1. #71
    jw
    jw's Avatar SBR PRO
    Join Date: 10-25-09
    Posts: 3,999
    Betpoints: 6737

    Quote Originally Posted by mattd83 View Post
    Not sure why I'm always hesitant to talk to'em.
    I find simply standing within earshot and saying something like "God Damn (insert name of top jokey here) screws me every damn time" generally starts the old-timers off to the point that they are impossible to shut-up ...

    ;0)

    p.s.

    Normally helps if you first make sure the jockey was not only riding in the last race .. but that he didn't win it .. though that always doesn't matter with some of these old guys ... the're generally ready to talk to anyone that'll listen to them.

  2. #72
    str
    Nothing's easy
    str's Avatar SBR PRO
    Join Date: 01-12-09
    Posts: 9,957
    Betpoints: 68421

    Quote Originally Posted by jw View Post
    I find simply standing within earshot and saying something like "God Damn (insert name of top jokey here) screws me every damn time" generally starts the old-timers off to the point that they are impossible to shut-up ...

    ;0)

    p.s.

    Normally helps if you first make sure the jockey was not only riding in the last race .. but that he didn't win it .. though that always doesn't matter with some of these old guys ... the're generally ready to talk to anyone that'll listen to them.
    So True!

  3. #73
    AbeFroman
    AbeFroman's Avatar Become A Pro!
    Join Date: 11-21-10
    Posts: 384
    Betpoints: 731

    Hi Str,

    Here's a question for you... Can you elaborate some on the claiming game? What are the tricks and how do trainers tell when to claim a horse and when the best time would be to do it, etc.? Thanks!

  4. #74
    robmpink
    Update your status
    robmpink's Avatar Become A Pro!
    Join Date: 01-09-07
    Posts: 13,205
    Betpoints: 43

    Being a trainer roughly how many times did your jockey run so piss poor in a race he/she was a fav, that you were practically convinced he was paid off? If any, how did you handle it? Just find a new jock or rip into him?

  5. #75
    str
    Nothing's easy
    str's Avatar SBR PRO
    Join Date: 01-12-09
    Posts: 9,957
    Betpoints: 68421

    Quote Originally Posted by AbeFroman View Post
    Hi Str,

    Here's a question for you... Can you elaborate some on the claiming game? What are the tricks and how do trainers tell when to claim a horse and when the best time would be to do it, etc.? Thanks!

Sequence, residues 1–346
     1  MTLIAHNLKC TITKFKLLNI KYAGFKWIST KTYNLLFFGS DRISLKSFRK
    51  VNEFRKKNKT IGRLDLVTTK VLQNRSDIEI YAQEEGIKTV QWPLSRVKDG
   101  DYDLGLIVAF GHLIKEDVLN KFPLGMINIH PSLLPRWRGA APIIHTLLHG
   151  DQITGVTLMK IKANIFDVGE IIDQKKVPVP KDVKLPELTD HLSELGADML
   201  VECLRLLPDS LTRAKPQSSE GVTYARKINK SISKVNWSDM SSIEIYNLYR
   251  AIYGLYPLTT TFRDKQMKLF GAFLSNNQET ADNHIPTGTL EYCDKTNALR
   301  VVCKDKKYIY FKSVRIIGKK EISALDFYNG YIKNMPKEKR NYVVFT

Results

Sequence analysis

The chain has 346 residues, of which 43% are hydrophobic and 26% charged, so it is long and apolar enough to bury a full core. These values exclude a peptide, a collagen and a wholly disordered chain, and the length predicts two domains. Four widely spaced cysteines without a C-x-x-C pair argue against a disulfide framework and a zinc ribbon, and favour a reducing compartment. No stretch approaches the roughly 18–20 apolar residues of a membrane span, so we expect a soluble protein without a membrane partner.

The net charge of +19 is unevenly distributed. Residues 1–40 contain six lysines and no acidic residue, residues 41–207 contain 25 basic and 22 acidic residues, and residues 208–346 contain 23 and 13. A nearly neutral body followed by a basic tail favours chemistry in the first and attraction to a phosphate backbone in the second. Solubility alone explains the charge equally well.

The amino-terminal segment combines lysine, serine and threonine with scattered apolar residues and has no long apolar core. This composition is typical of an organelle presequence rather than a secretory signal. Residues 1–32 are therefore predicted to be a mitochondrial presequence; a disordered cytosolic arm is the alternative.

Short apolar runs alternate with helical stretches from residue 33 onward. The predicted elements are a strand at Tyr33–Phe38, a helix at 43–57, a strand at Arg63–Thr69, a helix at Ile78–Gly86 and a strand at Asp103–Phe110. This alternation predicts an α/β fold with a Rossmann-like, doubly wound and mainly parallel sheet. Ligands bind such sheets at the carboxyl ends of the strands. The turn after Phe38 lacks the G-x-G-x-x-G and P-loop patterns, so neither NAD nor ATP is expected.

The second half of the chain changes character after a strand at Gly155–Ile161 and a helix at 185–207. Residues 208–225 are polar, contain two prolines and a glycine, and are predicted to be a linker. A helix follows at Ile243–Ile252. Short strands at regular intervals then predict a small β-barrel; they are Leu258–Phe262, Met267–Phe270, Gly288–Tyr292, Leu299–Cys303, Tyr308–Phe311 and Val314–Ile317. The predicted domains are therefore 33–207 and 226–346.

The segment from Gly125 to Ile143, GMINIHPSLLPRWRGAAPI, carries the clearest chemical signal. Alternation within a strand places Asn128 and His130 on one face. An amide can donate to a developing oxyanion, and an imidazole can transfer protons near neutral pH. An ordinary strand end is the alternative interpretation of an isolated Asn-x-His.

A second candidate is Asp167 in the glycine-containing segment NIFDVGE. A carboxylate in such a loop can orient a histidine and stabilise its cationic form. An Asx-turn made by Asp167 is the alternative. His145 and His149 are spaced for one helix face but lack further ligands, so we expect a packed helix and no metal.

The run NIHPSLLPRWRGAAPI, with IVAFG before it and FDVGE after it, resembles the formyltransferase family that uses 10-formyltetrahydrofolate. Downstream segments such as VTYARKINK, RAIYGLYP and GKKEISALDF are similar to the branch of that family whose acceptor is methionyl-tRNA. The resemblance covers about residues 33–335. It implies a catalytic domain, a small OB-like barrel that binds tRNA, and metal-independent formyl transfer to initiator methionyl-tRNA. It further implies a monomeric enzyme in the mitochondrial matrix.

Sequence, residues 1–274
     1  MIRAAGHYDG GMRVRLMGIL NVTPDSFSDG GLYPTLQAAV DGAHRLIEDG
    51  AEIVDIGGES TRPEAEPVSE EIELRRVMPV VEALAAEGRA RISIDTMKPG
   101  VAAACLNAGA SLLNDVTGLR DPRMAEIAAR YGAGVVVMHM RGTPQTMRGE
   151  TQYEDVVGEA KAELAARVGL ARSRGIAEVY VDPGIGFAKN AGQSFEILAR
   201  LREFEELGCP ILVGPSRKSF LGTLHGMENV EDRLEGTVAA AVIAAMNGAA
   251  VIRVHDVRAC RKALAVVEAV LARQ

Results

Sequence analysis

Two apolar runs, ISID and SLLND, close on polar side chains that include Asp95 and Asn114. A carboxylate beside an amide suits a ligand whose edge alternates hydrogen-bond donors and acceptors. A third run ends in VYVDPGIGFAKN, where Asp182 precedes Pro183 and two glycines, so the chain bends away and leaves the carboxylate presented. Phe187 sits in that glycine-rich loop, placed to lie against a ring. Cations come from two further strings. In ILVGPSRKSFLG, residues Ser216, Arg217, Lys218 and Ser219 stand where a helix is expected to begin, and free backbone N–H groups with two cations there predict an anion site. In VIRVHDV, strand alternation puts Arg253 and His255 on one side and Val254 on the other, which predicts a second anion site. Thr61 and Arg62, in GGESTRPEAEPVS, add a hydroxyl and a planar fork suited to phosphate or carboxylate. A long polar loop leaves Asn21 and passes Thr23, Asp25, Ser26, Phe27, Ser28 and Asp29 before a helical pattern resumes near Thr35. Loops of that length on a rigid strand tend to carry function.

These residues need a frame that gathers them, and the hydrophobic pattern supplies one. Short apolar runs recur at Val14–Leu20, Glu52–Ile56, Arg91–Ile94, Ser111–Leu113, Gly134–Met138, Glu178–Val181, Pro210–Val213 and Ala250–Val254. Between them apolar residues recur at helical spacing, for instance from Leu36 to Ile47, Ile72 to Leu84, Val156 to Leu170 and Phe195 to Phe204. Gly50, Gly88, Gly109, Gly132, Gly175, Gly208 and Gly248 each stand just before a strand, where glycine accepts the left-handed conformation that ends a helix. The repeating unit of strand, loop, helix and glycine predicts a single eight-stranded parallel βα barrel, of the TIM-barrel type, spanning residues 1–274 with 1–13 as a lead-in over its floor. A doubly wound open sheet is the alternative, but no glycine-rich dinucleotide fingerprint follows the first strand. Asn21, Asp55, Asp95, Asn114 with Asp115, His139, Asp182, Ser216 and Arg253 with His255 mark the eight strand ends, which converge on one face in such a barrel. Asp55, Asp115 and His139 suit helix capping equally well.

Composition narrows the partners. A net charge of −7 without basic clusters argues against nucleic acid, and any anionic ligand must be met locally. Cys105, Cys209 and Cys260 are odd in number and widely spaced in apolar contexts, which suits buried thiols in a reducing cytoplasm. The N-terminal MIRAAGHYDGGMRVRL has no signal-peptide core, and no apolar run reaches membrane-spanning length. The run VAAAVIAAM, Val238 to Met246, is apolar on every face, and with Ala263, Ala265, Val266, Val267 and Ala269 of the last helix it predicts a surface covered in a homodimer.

I cannot speak to what all the trainers look for but I will tell you what some of my angles were. Back in the 80s the claiming ranks primarily consisted of the following.
    5,000
    6,500
    8500,
    11,500
    14,500,
    18,500
    25,000
    Those races were run both short and long. Remembering that I was in Md. , several things came into play. In no particular order, here they are:
    I had a large stable that probably had at least one horse for most spots. Short and long would be 28 spots( short,long, boys and girls), . Because horses moved up and down the ladder this was a work in progress. Anytime I had a void I would look to fill in those areas but being patient was a key. Having 3 or 4 horses for one type of race was not good. If that scenario occurred, I would usually decide to move one down and win with them hopefully but be O.K. if I lost that horse in doing so. I used to see guys lose a horse in the 4th race and replace them before the 9th .That to me, was crazy but smaller stables feared they might lose the empty stall to someone else if not filled right away.
    I , along with other trainers would go to the paddock for every race. I would look at each horse , each race and write down what I could see. Leg problems, excess weight, foot problems,odd equipment( bits), you name it, I would try and know it. I kept all of my programs for years at a time. ( Still have a pack from Bowie summer of 79 . It was my first and only leading trainer meeting and I saved all of them. Racing against Dutrow, Leatherbury, Delp, Tammaro and Alfano back then was murder!)
    Anyway, after doing this for a few months, you can research any horse coming up in a claiming race by going back to your notes from the previous 10 races and finding what you see. You can also see WHEN a leg problem might have originated that will help you figure out why a horse is moving up or down the ladder. This along with watching all the horses warm up for every race, then watching the race and all the horses come back to the saddling area, you have plenty of detail to make a solid case for why you should or should not claim a horse. I am sure that many guys still do this. Go to the paddock and see who is writing down leg problems and looking at horses. It is something that most people do not realize is even going on. That is why I loved it. I tried to outwork and outsmart the other trainers. It takes a lot of time but it was indeed a form of gambling in that , I didn't have time to bet many races, I was preparing to bet by claiming a horse and risking money that way.
    Now that you had a library of info you could go to work. I always perferred to claim a horse off of an outfit that I knew did not have much working capital. They had to cut corners to make ends meet. That means, shoeing the horse every 5-6 weeks instead of 4. Huge difference. Also, vet work. Lots of guys could not afford to jug a horse after a race. (An I.V. that replenished electrolytes and vitamins that were lost during racing). Every horse I claimed was immediately wormed, had there teeth floated, and jugged at least once. All of these things cost money but are completely legal. Many horses had such bad teeth that when they chewed down , the sharp teeth hurt their gum's so much that they would avoid clamping down fully. As a result, they would drop some of there food in to the straw or swallow it without breaking the oats. Therefore, not the full nutritional value needed to perform to their maximum ability. In some cases, merely fixing these simple things led to winning first time back and improving the horse drastically.